Set your sights on swirls!
In the fabulous world of soapmaking, you can create homemade soaps of all kinds, colours, and shapes. You can tackle many exciting challenges, dream up recipes, and try out new combinations! Of course, when you’re just beginning, it’s not easy to know where to start. But we’re here to help you out! This article will teach you how to make “My First Swirled Soap”: a cold process soap recipe that unravels the mysteries of creating lovely swirls in your DIY soaps.
The pattern is beautifully simple and easy to achieve. You can of course change the colours, scents, or even the number of hues. Feel free to make the soap that appeals to you!
Please don’t hesitate to share your photos of your very own “My First Swirled Soap” by email or on our Facebook page. We love seeing your amazing creations!
How to make your own swirled soap
Before you begin
You’ll notice that we make no mention of superfatting in the ingredients list or steps to follow. This is simply because we decided to superfat this soap recipe by reducing the volume of NaOH. However, please note that this recipe uses strawberry aromatic essence: not only does it smell delicious, but it will also contribute to superfatting, as aromatic essences are oil-based. We advise against replacing it with an essential oil, which won’t have the same effect.
You can, however, replace the strawberry aromatic essence with another aromatic essence of your choosing, but keep in mind that some are known to accelerate trace, including honey, pineapple, hibiscus, pomegranate, and jasmine. You should avoid using them in this swirled soap recipe, especially if you’re a beginner soapmaker.
Sodium hydroxide solution
Oil and butter mixture
- 200 g (19.23%) coconut oil
- 50 g (4.81%) shea butter
- 75 g (7.21%) cocoa butter
- 330 g (31.73%) olive oil
- 75 g (7.21%) castor oil
- 2 scales, accurate to 1 g and 0.1 g
- 1 large Pyrex measuring cup or high-density polyethylene (HDPE) jar for the sodium hydroxide solution (with a minimum capacity of 500 ml)
- 1 jar for weighing the sodium hydroxide
- 1 pipette
- Components to make a double boiler
- 1 measuring funnel pitcher (900 ml)
- 1 large stainless steel bowl
- 1 thermometer
- 1 silicone loaf mold
- 1 ramekin
- 1 immersion blender
- Several spoons
- 1 regular silicone spatula
- 1 small silicone spatula
- Personal protective gear
Good to know!
- To make swirled soap, you normally want to work with a light trace. If your batter reaches medium trace right away, don’t panic! It will still work; just use the spatula instead of the immersion blender as soon as you reach medium trace. That should give you enough time to swirl the soap before it’s too thick!
- Pink clay not only colours the soap but will also make it even gentler on your skin.
- The saponified oils provide this soap with beautiful properties:
- Coconut oil hardens soap, cleanses, and provides great lather.
- Shea butter hardens soap and provides a silky, creamy lather.
- Cocoa butter hardens soap and provides creamy lather.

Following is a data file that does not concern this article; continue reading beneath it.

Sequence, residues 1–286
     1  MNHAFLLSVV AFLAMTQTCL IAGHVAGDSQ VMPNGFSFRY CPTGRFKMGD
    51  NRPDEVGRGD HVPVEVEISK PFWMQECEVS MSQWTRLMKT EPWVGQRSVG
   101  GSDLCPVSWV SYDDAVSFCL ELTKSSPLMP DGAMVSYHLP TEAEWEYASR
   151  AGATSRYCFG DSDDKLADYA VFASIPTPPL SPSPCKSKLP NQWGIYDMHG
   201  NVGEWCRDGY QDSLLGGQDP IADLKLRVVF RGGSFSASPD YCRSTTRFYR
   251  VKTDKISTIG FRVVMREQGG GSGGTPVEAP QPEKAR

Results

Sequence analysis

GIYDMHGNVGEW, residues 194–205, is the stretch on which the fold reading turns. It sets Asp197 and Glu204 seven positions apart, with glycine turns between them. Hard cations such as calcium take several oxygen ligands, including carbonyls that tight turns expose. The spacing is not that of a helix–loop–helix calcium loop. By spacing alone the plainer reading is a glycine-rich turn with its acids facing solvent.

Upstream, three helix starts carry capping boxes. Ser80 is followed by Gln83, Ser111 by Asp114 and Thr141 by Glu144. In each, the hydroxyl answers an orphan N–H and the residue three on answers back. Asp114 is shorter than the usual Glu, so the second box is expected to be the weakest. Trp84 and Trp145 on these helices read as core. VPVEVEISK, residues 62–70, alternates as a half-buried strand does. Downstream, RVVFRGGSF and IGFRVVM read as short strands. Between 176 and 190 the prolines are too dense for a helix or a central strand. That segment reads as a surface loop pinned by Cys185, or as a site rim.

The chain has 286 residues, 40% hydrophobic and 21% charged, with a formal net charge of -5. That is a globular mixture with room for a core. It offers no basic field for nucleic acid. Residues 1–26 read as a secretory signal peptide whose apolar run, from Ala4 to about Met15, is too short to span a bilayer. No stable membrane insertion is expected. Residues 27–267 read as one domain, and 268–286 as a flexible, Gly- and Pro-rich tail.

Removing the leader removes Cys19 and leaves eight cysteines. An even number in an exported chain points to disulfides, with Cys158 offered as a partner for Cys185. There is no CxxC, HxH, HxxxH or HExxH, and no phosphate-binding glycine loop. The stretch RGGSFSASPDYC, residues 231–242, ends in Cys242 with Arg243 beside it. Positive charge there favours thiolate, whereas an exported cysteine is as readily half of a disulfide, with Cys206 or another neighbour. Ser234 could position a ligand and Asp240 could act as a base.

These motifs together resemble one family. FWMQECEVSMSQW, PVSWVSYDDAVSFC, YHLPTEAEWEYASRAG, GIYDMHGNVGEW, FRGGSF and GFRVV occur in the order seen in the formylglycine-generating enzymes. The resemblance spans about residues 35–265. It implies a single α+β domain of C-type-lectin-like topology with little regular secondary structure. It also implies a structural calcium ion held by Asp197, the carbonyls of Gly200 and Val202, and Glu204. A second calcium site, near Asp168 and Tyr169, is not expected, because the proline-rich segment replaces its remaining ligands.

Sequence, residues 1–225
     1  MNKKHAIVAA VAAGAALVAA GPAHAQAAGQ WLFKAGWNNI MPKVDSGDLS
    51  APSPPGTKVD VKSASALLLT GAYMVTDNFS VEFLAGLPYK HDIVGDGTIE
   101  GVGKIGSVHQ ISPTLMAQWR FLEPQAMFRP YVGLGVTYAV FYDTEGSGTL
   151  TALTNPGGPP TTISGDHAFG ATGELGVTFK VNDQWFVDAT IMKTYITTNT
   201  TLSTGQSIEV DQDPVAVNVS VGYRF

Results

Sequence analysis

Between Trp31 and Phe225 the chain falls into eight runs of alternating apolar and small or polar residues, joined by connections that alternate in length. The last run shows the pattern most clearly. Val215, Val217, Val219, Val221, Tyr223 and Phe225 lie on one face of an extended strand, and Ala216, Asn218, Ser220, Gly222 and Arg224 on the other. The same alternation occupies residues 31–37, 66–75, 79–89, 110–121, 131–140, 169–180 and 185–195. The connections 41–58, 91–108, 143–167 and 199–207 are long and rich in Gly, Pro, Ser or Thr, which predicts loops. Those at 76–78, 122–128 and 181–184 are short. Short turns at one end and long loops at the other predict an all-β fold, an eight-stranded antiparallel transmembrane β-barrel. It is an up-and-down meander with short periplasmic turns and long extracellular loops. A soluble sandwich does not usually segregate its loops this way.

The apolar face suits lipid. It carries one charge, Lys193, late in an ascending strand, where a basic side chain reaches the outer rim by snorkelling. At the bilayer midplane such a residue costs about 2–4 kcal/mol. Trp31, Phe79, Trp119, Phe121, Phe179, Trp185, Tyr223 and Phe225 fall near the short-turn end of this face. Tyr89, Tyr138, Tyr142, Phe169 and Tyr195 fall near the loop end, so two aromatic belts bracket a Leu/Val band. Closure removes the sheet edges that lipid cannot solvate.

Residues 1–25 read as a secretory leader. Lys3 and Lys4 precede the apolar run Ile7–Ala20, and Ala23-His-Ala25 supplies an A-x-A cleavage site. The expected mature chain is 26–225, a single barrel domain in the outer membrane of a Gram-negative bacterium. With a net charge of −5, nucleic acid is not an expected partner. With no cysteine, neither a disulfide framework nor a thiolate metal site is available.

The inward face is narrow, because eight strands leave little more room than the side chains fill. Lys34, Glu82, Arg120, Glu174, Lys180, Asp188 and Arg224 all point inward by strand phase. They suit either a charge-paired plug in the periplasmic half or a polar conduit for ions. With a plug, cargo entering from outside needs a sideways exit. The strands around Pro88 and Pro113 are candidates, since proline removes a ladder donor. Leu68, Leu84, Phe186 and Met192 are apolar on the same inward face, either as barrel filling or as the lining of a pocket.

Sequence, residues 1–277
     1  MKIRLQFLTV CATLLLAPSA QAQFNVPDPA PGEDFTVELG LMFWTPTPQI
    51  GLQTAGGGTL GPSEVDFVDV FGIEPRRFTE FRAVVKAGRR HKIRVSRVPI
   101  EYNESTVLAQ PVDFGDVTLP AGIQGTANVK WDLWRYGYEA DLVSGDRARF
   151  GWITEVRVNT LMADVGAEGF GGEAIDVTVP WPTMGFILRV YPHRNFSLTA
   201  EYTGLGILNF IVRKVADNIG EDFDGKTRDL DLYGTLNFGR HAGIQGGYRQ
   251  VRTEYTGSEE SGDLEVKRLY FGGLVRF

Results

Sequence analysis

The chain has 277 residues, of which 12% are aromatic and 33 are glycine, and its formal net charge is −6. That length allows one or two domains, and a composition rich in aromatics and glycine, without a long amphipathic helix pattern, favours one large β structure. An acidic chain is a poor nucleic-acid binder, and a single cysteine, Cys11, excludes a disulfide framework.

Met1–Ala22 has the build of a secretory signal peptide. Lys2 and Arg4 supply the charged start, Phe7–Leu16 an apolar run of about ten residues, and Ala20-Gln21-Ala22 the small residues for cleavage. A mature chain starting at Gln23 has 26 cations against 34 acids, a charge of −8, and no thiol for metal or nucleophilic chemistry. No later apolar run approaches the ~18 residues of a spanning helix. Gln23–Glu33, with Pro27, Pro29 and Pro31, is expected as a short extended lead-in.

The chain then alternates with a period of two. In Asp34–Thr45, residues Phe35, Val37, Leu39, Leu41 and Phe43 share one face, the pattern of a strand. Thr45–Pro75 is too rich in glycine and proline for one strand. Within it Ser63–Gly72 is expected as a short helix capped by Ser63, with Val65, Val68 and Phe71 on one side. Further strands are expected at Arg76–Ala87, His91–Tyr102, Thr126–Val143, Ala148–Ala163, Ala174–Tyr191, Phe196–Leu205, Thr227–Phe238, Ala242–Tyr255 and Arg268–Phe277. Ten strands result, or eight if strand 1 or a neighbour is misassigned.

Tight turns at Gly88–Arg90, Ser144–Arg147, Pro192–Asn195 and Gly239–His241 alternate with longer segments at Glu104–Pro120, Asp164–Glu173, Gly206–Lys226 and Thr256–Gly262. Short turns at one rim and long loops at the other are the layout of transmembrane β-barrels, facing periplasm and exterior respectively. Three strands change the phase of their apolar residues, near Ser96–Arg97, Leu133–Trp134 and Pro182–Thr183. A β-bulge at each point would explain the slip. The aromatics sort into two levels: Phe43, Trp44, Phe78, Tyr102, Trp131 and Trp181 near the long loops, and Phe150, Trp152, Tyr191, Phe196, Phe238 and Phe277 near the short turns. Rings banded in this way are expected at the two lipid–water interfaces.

- Olive oil makes soap much milder.
- Castor oil hardens soap and provides a creamy, stable lather.
Steps to follow
- Prepare and disinfect your equipment and workspace.
- Take the necessary precautions for handling sodium hydroxide safely.
- Prepare the sodium hydroxide solution: weigh the water in a Pyrex measuring cup or HDPE pot, weigh the sodium hydroxide, pour the sodium hydroxide into the water, mix well, and set aside to cool.
- Using a pipette, weigh the aromatic essence in a ramekin.
- Weigh the coconut oil and shea and cocoa butters in the large stainless steel bowl. Melt on the double boiler. Once melted, remove the mixture from the heat and add the olive and castor oils. Mix together and set aside.
- Weigh the pink clay in the measuring funnel pitcher.
- Add two to three tablespoons of the oil and butter mixture to the clay. Disperse the clay thoroughly using the small spatula.
- When the oil and butter mixture and the sodium hydroxide solution have both cooled to 37–45°C, pour the sodium hydroxide solution into the oil and butter mixture while stirring with the spatula. Continue to stir with the spatula until the mixture is homogeneous.
- Mix with the immersion blender at the machine’s lowest setting. Stop the blender every 20 seconds and check for trace. Taking breaks helps prevent the blender’s motor from overheating and helps avoid reaching thick trace. At thick trace, it’s difficult to create swirled patterns.
- At thin trace, add the aromatic essence. Mix well with the spatula first, then with the immersion blender, still on the machine’s lowest setting, until homogeneous.
- Pour about half of the mixture into the measuring funnel pitcher containing the pink clay. Mix with the small spatula and then the immersion blender, again on the lowest setting, until the batter is evenly coloured.
- Pour the pink batter into the uncoloured batter, in the bowl. Using the spatula, stir one or two circles in the bowl. The more circles you make, the more swirls you’ll create. Be careful: if you stir the batter too much, the colours will begin to blend.
- Immediately pour the batter into the mold. Tap the mold on the table or counter to push any bubbles to the top and to distribute the soap batter evenly throughout the whole mold.
- Cover the soap for 24–48 hours.
- Unmold the soap while wearing gloves. Cut and leave in a cool, dry place to cure for four to six weeks.
Use and conservation
This cold process soap recipe is formulated for body use. It is suitable for all skin types.
Store your soap in a cool, dry, well-ventilated place. When made in optimal sanitary conditions, your homemade soap will keep for at least one year.